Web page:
How can you strengthen an enterprise third-party risk management program?

We sat down with Sean Cronin, CEO of ProcessUnity, to explore the challenges related to enterprise third-party risk today and in the future.

enterprise third-party risk

What are the most unexpected pitfalls for a CISO that wants to strengthen an enterprise third-party risk management program?

Ultimately, you need to understand where your program is today and build a plan to mature it. There are a lot of moving parts in a third-party risk management program. Most companies today are struggling with the work associated with the early phases of a program – the vendor onboarding process, the pre-contract due diligence and then the ongoing monitoring that must occur after a contract is signed. It’s critical to nail these processes first or you’re setting yourself up for failure.

Figure out where you are on the maturity curve first. Do you have an Informal program that’s just getting started? Is your team fighting fires in a reactive mode or have you advanced your processes to a point where you’re more proactive about reducing risk? If you’re already mature and you’re running an optimized program, it’s all about continuous improvement. If you understand the weaknesses and opportunities at your currently maturity level, it makes it easier to put a reasonable plan in place – one that prevents you from trying to take too big of a leap all at once.

Another pitfall is the wildcard that disrupts the proverbial applecart. This year, it’s COVID-19. Organizations are putting their programs on hold because they’re scrambling to reassess their vendors to ensure business continuity during the pandemic. More mature programs build a rapid-response mechanism into their programs, but less mature companies have to drop everything and react as best as possible.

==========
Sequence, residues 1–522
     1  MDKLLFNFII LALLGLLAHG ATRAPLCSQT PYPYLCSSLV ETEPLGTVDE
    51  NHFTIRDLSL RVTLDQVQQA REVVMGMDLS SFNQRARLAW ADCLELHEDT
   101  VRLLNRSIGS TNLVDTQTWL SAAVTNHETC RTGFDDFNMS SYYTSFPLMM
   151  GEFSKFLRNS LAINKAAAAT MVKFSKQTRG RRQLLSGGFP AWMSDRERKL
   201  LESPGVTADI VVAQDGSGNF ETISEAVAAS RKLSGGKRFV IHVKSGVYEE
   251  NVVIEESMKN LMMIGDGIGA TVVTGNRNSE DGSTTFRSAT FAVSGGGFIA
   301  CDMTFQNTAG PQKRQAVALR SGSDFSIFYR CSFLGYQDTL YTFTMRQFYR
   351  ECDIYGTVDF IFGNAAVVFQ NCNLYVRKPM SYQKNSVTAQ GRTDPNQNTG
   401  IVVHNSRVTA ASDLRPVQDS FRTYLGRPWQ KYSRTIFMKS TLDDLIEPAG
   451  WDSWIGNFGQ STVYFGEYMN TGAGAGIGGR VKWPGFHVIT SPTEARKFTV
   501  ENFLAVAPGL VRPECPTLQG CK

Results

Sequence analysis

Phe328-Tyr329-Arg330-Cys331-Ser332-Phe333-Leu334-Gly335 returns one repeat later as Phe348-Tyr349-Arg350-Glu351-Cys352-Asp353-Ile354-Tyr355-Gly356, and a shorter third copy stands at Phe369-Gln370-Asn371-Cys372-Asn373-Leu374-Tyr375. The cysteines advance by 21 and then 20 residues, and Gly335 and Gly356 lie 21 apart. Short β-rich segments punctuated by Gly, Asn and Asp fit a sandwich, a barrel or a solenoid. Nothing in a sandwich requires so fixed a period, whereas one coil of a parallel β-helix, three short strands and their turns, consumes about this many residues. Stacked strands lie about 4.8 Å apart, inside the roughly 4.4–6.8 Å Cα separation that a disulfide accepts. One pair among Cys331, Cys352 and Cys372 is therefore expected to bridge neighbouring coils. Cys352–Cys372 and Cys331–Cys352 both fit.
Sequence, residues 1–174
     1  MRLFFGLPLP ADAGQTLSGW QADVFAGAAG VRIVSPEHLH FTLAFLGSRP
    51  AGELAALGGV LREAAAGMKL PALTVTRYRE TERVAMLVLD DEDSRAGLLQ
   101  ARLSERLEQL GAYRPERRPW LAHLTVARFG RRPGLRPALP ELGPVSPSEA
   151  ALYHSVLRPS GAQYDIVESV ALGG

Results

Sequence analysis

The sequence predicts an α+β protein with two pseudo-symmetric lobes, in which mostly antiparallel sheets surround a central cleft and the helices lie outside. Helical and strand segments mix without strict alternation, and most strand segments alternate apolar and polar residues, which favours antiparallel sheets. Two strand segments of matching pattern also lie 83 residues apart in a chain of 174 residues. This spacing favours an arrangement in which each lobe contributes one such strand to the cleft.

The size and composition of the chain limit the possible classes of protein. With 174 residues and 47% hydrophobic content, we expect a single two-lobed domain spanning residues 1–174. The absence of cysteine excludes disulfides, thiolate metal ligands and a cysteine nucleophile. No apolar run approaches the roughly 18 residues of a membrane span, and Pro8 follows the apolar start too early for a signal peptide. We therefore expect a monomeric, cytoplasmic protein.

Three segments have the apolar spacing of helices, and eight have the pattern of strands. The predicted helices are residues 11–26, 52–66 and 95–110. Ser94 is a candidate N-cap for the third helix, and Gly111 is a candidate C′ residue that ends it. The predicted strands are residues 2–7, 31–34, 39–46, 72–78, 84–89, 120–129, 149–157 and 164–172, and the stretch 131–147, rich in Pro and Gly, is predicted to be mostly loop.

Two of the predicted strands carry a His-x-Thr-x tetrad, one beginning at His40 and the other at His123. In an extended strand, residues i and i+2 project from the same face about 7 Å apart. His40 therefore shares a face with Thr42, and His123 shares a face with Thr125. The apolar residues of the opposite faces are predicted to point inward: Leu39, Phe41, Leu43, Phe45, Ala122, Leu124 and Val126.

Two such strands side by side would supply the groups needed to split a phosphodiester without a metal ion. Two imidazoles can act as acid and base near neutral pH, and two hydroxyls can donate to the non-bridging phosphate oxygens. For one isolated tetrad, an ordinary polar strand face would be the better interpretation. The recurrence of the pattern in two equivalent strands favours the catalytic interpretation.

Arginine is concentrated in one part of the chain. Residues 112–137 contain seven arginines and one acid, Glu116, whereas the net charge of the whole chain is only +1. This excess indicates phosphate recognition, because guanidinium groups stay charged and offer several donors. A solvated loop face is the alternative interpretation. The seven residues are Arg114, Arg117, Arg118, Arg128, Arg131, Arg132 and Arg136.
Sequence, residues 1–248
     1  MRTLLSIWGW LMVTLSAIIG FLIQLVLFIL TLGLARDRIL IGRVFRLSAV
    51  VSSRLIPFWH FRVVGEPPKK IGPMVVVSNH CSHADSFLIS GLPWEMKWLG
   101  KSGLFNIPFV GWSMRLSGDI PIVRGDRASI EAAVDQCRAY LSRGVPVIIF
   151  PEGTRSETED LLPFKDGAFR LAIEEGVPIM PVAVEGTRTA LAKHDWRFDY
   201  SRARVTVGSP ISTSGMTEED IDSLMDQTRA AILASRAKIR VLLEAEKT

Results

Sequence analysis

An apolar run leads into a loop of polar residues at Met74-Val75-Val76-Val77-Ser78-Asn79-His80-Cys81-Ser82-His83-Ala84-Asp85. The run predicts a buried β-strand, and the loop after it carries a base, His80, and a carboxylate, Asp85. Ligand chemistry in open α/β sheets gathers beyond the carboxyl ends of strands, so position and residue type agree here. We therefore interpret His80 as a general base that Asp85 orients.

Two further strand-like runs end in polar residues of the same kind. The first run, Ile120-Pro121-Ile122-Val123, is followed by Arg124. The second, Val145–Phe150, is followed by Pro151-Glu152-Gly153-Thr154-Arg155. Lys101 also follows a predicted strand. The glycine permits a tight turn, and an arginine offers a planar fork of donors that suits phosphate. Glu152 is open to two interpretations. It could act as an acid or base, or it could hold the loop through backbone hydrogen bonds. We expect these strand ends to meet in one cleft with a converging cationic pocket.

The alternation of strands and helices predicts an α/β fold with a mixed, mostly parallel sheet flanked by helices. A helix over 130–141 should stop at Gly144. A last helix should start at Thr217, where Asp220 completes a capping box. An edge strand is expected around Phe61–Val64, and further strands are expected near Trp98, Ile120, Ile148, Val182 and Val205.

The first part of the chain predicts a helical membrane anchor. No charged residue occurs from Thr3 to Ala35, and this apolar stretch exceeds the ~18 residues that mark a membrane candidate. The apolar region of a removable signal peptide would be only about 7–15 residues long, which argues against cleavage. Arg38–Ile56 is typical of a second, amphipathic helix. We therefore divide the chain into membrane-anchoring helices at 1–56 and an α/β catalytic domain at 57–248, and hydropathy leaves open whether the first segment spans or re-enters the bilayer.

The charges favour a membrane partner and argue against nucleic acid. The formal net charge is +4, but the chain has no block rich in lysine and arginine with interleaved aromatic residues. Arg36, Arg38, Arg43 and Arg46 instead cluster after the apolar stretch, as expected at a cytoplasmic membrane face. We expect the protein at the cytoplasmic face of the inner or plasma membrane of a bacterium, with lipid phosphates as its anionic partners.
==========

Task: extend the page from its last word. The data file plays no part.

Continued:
How can an organization transform third-party risk into a competitive advantage?

Before third-party risk management can become a competitive advantage, businesses need to perfect the block-and-tackle basics of third-party risk management. This means having a comprehensive onboarding, due diligence and ongoing monitoring process. Getting those processes effective and efficient allows more time for risk teams to focus on the third-party risk management activities that can drive ROI for the company, including contract management, service-level agreements (SLAs) and performance management.

If your team has more time, they can spend it helping to negotiate better contracts with better financial terms or better services terms – maybe both. Your team will also have access to insights gained during due diligence and ongoing assessments. That data can be used to your advantage during initial negotiations or renewals.

There’s also an opportunity around SLAs. Build a library of SLAs, track where they are being used – on a contract-by-contract or vendor-by-vendor basis and then get your lines-of-business to submit metrics or evidence that results are within acceptable thresholds. Now you have an SLA-enforcement engine. No one wants to collect penalties for a broken promise, but the option is there. You also have the ability to forgo the penalty in exchange for something else – visibility into a product roadmap, input into a new feature, etc. SLAs are an important part of the vendor management process, but many organizations don’t have the time to use them to their advantage.

Finally, managing vendor performance is also a way to get a competitive advantage. If you work with the best vendors, you will get the best service and value. If you can swap out under-performing vendors with better ones over time, your company is going to be in a better place.